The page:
Adam Kalsey: "Yahoo is beta testing an RSS Aggregator."
We're looking into this on the RSS-User list.
Zawodny, who works at Yahoo and ought to know, says it's a bug. That reminds me of a story someone told on stage at Esther Dyson's conference in the heyday of Lotus 1-2-3. He imagined -- what if, at random, Lotus version 5.0 magically appeared on his computer one day. It's just a pattern of bits, it's improbable, for sure, but it could happen. Think of all the millions of dollars that he would have made, and all the millions that Lotus would have lost. So fast-forward to 2004, Yahoo has a bug that somehow makes it appear as if they have a built-in RSS aggregator. Hmmm. I suppose stranger things have happened?
Doc Searls quotes Jimmy Guterman in Business 2.0 on weblogs. "We won't enjoy some avalanche of great new independent presses tearing down the media monoliths or something similarly utopian," says Guterman. "The old-timers will whine about how the good old days were better." Glad to know that. Anyway, Clay Shirky isn't a blogger, he's more of an anti-blogger. Does Guterman read the people he writes about? That's the cool thing about weblogs, you don't have to guess what people think. Anyway, I've gotten used to getting pushed aside. It's happened over and over. That's life. I'm not doing this because I want to be popular, I'm doing it because I believe we need more people telling us what they see. Do I think it will revolutionize journalism? I think it is already doing that. Will it tear down the media monoliths? They're doing a pretty good job of that on their own. Would I like to see them torn down? Yes if they get in the way. Are they now in the way? No. Had Guterman called I could have explained this. Instead he wrote a stupid mindless piece, all stereotype and caricature and zero insight. Too bad because he's a smart guy. He wrote a great series about content management in The Industry Standard in the 90s. Back then I wrote him to explain how Vignette and Interwoven et al were doing it wrong, and how weblogs were the way of the future. I wonder if we could get an acknowledgement of that Jimmy? I don't think we're quite as dumb as you say we are.
Three years ago: "Most of the technologists I know have very high integrity, as much as most doctors, lawyers and cops. However because we have no rules, we're vulnerable to cheap shots and pretenders. That's the other side, the presumption of lack of integrity, and the tech press takes advantage of this."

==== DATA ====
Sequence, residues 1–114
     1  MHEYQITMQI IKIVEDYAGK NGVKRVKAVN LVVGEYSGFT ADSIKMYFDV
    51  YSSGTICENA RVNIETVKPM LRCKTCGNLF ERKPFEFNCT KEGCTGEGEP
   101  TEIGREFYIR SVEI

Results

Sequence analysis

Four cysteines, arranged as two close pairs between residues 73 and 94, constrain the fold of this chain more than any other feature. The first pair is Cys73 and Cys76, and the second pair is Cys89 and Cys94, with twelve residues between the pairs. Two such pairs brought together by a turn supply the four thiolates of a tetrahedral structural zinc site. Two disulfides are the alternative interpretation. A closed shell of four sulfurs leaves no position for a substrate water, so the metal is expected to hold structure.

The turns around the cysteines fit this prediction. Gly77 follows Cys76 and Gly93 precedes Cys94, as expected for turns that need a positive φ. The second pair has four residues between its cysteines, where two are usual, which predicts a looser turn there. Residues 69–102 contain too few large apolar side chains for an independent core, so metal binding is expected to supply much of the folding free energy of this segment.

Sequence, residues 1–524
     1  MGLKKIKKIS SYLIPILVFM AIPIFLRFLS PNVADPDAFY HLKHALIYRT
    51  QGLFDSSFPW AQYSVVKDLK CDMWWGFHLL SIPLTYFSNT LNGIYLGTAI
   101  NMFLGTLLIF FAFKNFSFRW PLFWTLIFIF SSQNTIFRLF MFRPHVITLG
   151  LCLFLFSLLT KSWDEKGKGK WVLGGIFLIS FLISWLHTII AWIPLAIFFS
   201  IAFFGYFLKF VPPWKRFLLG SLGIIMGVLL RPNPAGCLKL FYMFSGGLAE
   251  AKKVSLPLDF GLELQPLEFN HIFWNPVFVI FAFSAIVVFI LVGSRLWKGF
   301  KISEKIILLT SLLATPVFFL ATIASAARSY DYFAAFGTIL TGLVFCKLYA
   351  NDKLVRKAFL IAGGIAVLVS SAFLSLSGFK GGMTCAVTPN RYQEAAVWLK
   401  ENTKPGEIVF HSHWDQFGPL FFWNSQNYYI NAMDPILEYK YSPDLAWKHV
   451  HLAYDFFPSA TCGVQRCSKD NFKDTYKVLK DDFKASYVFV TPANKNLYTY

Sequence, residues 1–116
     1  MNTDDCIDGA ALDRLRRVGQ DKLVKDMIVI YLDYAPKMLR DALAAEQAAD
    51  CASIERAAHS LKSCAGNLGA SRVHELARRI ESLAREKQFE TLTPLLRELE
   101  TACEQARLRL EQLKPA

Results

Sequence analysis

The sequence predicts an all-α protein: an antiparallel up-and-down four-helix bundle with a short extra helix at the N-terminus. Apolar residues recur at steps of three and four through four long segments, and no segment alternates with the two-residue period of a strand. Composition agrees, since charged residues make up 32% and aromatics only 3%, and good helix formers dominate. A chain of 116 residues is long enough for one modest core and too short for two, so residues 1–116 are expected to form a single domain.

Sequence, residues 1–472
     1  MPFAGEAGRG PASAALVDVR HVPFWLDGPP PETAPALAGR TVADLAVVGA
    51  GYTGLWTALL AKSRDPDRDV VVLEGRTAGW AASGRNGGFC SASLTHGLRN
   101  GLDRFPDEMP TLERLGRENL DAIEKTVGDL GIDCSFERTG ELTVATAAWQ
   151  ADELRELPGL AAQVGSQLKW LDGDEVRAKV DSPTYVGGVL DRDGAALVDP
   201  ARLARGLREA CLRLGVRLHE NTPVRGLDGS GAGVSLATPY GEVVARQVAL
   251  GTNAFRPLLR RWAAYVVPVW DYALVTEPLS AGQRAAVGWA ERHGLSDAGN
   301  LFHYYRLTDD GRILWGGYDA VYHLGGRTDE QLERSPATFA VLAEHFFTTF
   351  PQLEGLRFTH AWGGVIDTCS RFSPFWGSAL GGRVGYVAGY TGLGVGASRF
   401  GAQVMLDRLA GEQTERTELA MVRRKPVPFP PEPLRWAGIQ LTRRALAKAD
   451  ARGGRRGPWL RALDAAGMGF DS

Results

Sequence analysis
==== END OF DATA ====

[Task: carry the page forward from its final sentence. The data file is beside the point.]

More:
The Top 100 feeds is being recalc'd every five minutes. Think of the set of feeds it defines, like you'd think of a stock index. Now imagine an aggregator that was automatically subscribed to all the feeds in the Top 100. I'm working on this, and it's nice.
NewsGator: "Users who subscribe to NewsGator Online Services can now synchronize their subscriptions across multiple machines."
Daniel Berlinger on the Atom process. "RSD was the clear winner, but Joe did not revise his spec to match the outcome."
Chicago Sun-Times: "The technology guru behind the scenes is Jenny Levine, Internet development specialist for Chicago's Suburban Library System, based in west suburban Burr Ridge. Her efforts to take libraries into the digital age started seven years ago, when she offered free dial-up Internet access for patrons of the Grand Prairie Public Library District in south suburban Hazel Crest."
The Nation: "Gillespie, who is supposedly trying to reelect President Bush, has been working overtime to publicize comparisons of of the Republican chief executive to Nazi leader Adolf Hitler."
Notes from Andrew's first getting-started-with-weblogs class at MIT.
Ed Cone is doing a weblogs class at UNC-Greensboro.
How to participate in the new OPML aggregator, for people with weblogs at Harvard Law. The instructions work for anyone with a Manila site, and can be adapted to any other environment. Note the Creative Commons attribution/share-alike license at the bottom of the page.
Isn't it amazing what's happening between India and Pakistan?
Speaking of amazing things, according to The Daily Mirror, Diana predicted her own death, "in my car, brake failure and serious head injury," at the hand of her husband, Charles.
Wes Felter: "I wonder how much money Apple wasted adding ECC to the U3 north bridge when they could have just done it right the first time?"
USA Today: "Dean still tops the Democratic field in the national survey, at 24%, but the 21-point lead he held over Clark less than a month ago has narrowed to just 4 percentage points, within the poll's margin of error."
NY Times: "The first color photography of the Spirit mission, made public on Tuesday, showed that the robotic rover was resting on a broad, ruddy plain of Mars among gray rocks of all sizes and shapes, streaks of windblown dust tracks, a patch of cohesive soil that looks like mud but cannot be and hills set against a pink sky on the distant horizon."
A fantastic photo of my grandfather, Rudy Kiesler, posing with a bunch of pilots and redneck cops, wearing a cowboy hat, in front of a commercial airplane, taken in the 50s or 60s. It's reasonable to assume that this picture will be in the banner of Scripting News, in some fashion, someday.
An excellent Bush in 30 Seconds ad, no Hitler. Via Heilman.
Steven Cohen: "So, why did I change back to Blogger, a piece of software that I had written off about a year ago?"
NY Times: "The Mini is available in five colors."
Russell Beattie: "Total let down. No cool-ass products, and the miniPod is too expensive."
Zawodny writes great headline.
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